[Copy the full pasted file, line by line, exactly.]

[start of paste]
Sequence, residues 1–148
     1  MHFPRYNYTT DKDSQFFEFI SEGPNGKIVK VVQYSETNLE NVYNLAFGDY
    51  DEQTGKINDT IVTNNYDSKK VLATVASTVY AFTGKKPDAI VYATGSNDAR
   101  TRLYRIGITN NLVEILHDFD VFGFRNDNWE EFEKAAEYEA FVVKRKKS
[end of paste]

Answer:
Sequence, residues 1–148
     1  MHFPRYNYTT DKDSQFFEFI SEGPNGKIVK VVQYSETNLE NVYNLAFGDY
    51  DEQTGKINDT IVTNNYDSKK VLATVASTVY AFTGKKPDAI VYATGSNDAR
   101  TRLYRIGITN NLVEILHDFD VFGFRNDNWE EFEKAAEYEA FVVKRKKS